The Paul Lamont Thompson Memorial Lecture was established by a gift from the sons and daughters-in-law of Paul Lamont and Ruth Peel Thompson. A committee of alumni and friends of the College worked diligently to build the fund with gifts from those many students whose lives were enriched by Dr. Thompson’s leadership. Paul Lamont Thompson was President of Kalamazoo College from 1938 to 1949. He played a crucial role in the development of the College during the difficult days of the Depression and World War II. He emphasized high academic standards and selectivity in the student body, and enhanced the reputations of the College as a quality institution of the liberal arts. Dr. Thompson founded the Annual Fund at Kalamazoo College and the College’s pension plan, helping to ensure the future financial integrity of the College. Several buildings were added to the campus during his tenure, among them Harmon Hall, Stowe Stadium, Angell Field, and Welles Dinning Hall. He served as President of the Association of Church Related Colleges. Dr. Thompson was an excellent speaker whose wit, wisdom, and gentle manner nurtured generations of Kalamazoo College students. His spirit and legacy continue through the endowment of the Paul Lamont Thompson lecture, which strives to bring speakers to this campus who enrich our ethical understanding of our position in the larger society, beyond the halls and walls of Kalamazoo College.
The 2019 Thompson Lecture
The 2019 Thompson Lecture was held on Tuesday, October 22 with guest speaker, Heather White, Visiting Assistant Professor of Religious Studies and the Gender and Queer Studies Program at the University of Puget Sound, Tacoma, WA.
Heather White is a specialist in American religious history with a research focus on sexuality, gender, and twentieth century social movements. Heather teaches courses in gender, feminist and queer studies; queer theory and queer politics; sexuality and the history of religion; and the history and politics of religious freedom.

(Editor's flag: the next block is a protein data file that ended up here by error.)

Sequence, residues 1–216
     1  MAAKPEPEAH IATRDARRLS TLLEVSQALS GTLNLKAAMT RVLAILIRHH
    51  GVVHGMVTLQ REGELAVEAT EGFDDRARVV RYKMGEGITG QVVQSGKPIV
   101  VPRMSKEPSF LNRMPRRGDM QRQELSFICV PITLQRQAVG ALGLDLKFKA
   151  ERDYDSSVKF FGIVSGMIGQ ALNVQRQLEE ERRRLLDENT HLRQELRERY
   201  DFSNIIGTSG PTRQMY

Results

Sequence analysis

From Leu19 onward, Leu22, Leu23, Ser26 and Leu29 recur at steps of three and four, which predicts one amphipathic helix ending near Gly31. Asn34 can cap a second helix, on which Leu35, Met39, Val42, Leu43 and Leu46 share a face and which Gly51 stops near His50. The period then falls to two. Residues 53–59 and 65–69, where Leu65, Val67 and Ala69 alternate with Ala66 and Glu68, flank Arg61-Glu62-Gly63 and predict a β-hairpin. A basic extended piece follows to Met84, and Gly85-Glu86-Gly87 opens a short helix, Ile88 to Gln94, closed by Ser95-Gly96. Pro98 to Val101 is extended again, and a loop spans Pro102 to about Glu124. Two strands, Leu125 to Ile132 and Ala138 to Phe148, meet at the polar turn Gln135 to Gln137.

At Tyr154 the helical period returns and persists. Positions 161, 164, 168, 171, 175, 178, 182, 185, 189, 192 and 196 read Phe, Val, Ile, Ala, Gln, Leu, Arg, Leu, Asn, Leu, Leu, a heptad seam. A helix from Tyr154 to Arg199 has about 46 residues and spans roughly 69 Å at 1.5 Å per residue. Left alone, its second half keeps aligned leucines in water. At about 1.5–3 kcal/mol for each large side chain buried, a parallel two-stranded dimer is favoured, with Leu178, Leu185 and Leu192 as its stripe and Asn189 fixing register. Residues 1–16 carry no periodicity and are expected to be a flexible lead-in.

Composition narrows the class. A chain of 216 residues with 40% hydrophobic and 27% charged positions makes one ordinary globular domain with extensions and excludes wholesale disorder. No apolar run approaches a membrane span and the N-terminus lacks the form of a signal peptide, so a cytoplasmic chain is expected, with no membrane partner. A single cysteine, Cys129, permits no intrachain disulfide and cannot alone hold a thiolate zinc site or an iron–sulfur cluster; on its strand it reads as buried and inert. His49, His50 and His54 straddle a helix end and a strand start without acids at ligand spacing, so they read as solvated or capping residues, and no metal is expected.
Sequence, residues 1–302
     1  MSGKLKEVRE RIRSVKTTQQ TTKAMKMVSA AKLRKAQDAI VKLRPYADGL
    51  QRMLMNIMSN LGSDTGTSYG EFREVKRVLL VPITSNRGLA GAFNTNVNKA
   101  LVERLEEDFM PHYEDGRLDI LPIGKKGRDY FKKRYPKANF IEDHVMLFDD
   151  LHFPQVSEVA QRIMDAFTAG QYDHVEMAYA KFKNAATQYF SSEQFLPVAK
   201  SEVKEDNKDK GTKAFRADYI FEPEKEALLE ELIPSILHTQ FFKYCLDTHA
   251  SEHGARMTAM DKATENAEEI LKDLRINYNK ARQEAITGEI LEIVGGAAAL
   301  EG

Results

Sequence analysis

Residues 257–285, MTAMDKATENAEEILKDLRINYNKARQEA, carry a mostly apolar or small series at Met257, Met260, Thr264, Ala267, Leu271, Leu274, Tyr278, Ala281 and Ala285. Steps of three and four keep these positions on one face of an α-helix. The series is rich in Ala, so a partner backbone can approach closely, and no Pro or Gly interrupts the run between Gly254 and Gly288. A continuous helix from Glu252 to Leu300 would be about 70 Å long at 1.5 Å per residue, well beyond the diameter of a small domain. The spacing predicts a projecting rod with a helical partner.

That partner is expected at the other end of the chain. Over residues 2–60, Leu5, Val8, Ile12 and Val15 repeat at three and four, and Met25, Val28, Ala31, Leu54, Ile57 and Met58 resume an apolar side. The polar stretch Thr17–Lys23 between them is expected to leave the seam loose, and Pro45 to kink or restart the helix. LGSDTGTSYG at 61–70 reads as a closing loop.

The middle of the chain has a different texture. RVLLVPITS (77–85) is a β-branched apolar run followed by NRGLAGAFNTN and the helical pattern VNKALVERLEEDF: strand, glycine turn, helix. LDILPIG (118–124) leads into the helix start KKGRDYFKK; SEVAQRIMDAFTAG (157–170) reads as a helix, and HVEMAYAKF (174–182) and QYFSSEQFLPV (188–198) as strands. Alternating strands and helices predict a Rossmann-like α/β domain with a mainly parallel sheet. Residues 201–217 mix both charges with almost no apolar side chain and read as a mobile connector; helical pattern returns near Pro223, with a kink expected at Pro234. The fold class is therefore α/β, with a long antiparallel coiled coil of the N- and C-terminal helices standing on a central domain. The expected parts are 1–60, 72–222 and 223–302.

The Lecture: Looking for Religion in Queer New York
The Stonewall Riots of 1969 are perhaps the most well known event in queer history. These riots, which were incited by transgender women of color and other patrons of the Stonewall Inn in New York City, have been popularly credited for sparking the modern LGBTQ movement.
On the face of it, this defining incident of queer history seems to be purely secular—to be either absent of or antithetical to religion.
What might we find if we were to look for religion in a site defined by its absence?
Past Guest Speakers
2017, May 4: Dr. Jeremy Sabella and Dr. Gary Dorrien
2016, February 16: Jessica Martinez
2015, March 2: Rabbi Rachel Mikva
2014, March 6: Dr. Amina Wadud.
2012, October 16: Dr. Vijay Prashad
2011, October 27: Dr. Janet Jakobsen
2010, April 01: Dr. Whitney Sanford
2008, April 03: Dr. Anna L. Peterson
2008, October 14: Dr. Pumla Gobodo-Madikizela
2007, April 4-5: Dr. Jeanette Rodriquez
2006, October 10-11: Dr. Linda Barnes